- Incorporate compliance policies. Corporate compliance policies can affect the amount of storage capacity required. Organizations often save information in multiple forms (electronically and on paper), resulting in wasted storage capacity. Corporate compliance policies can address this by defining the types of information to be saved and where it should go.
- Integrate storage with a single IT capacity-planning initiative. A storage forecasting process should be integrated into a general IT initiative chartered to perform capacity planning for all IT resources, including storage, servers, networking, telecommunications, facilities, headcount and so on. It's important to leverage the many activities that contribute to the capacity-planning process, which includes forecasting, budgeting and general business planning. This kind of initiative is usually driven by the CIO or another high-level executive within IT.
Capacity discovery tools
You can't develop an accurate capacity forecast unless you deploy a storage resource management (SRM) tool. SRM agents poll hosts, servers and storage network switches to gain insight into storage capacity, identify unused capacity and track storage usage patterns over time. Storage admins often request additional capacity without understanding how current storage capacity is allocated to support a server or application. Allocated capacity can be viewed at three levels: LUN, file system and database. All three levels should be analyzed and considered when determining capacity needs.
|Benefits of storage resource forecasting|
Better predictability and manageability. A forecasting process shifts the burden of predicting future capacity needs from the storage administrator to the business units.
Ensures the availability of storage resources. By aligning more closely with users to understand future capacity needs, storage managers can better plan for that demand and ensure the necessary resources are available.
Increases productivity. With a managed forecast, there's less firefighting. Storage managers can justify new storage purchases far in advance and work in a more strategic mode to determine better ways to manage their resources.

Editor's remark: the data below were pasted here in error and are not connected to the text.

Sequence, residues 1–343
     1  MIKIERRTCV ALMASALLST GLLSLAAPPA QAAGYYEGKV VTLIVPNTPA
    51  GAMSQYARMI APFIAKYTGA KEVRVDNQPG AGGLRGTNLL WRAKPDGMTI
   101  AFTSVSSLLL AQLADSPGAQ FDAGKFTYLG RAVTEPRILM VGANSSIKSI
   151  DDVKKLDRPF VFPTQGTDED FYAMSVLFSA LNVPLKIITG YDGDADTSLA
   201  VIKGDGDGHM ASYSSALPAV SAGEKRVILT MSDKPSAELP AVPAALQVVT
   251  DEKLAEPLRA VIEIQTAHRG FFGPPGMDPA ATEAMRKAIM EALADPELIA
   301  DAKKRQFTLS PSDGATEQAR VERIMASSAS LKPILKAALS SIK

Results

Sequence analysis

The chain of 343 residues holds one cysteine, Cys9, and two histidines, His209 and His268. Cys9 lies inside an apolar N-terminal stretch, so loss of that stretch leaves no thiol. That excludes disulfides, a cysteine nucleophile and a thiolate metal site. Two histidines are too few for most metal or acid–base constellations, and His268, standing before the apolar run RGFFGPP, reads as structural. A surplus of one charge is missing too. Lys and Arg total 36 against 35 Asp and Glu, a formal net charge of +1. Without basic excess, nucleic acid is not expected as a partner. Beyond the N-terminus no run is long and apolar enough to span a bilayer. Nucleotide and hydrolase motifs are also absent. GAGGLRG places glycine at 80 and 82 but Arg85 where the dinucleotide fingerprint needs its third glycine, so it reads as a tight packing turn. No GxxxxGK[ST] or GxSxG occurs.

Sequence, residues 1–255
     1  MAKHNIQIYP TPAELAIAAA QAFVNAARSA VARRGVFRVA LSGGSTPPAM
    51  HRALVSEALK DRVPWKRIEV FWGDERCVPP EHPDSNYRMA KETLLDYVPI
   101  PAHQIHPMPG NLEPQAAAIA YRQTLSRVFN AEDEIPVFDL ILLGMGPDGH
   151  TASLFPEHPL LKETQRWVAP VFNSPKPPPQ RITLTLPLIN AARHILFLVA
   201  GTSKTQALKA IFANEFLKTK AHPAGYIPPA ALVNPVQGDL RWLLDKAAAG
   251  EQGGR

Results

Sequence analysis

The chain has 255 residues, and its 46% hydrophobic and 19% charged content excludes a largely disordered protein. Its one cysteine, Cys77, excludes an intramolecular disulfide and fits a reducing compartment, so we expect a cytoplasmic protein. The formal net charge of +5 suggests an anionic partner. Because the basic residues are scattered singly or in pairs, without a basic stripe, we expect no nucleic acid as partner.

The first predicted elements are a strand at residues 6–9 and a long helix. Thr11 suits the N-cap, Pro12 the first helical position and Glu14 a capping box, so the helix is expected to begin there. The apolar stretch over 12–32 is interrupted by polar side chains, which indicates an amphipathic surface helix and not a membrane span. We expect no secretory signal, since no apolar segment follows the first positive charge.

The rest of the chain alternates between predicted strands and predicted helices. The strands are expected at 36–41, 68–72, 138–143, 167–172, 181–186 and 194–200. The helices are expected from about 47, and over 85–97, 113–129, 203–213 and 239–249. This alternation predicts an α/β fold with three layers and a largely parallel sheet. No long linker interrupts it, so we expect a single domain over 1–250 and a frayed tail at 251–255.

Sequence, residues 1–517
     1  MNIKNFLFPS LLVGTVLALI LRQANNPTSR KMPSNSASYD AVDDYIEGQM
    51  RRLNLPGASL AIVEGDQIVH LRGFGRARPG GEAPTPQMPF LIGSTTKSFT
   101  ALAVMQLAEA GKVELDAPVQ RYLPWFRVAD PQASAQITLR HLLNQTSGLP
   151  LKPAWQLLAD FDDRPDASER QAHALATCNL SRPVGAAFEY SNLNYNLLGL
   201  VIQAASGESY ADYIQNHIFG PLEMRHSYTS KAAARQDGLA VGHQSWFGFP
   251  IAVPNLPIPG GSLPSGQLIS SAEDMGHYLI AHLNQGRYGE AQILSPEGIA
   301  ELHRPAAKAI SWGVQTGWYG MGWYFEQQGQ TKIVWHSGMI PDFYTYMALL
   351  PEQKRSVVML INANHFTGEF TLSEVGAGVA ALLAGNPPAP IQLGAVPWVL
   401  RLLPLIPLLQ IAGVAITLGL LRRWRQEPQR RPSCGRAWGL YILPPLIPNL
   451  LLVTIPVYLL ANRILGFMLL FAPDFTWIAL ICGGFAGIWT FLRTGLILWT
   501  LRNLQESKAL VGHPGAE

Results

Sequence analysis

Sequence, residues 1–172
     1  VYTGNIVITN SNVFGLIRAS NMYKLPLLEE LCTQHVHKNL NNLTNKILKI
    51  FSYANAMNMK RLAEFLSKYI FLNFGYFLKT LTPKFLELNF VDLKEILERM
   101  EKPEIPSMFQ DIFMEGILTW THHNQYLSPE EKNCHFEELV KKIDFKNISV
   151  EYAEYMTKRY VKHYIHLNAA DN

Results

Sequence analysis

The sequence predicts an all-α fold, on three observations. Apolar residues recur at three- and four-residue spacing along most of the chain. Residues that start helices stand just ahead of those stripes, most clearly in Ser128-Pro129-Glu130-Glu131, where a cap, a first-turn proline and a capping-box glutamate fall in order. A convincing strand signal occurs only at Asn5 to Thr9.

Decreases costs. Vendors are more apt to provide greater discounts for larger dollar deals. By limiting the number of purchases, storage administrators can reduce costs by taking advantage of favorable purchasing periods, such as the end of a quarter when vendors are under revenue pressures.
Turning on an array's oversubscription feature is another way to find unused capacity. For example, with the oversubscription feature turned on, if a user asks for 1TB but uses only 500GB, the storage array can free up 500GB. It's important, however, to closely monitor actual utilization when this feature is turned on to avoid running out of capacity on a particular array. Virtualization products also increase overall capacity by allocating storage across multiple arrays into a single, large pool of storage that improves the capacity utilization in each array.
The ultimate goal
There are many benefits to implementing a storage forecasting process, but the ultimate goal is to change user behavior. Once a storage forecasting process is in place and functioning properly, storage managers can introduce a reward system for users and business units. Those users who forecast their demand accurately and utilize their resources wisely will achieve substantial cost savings. Developing a comprehensive forecasting process is a critical step in moving to a mature, predictable and controllable storage management environment.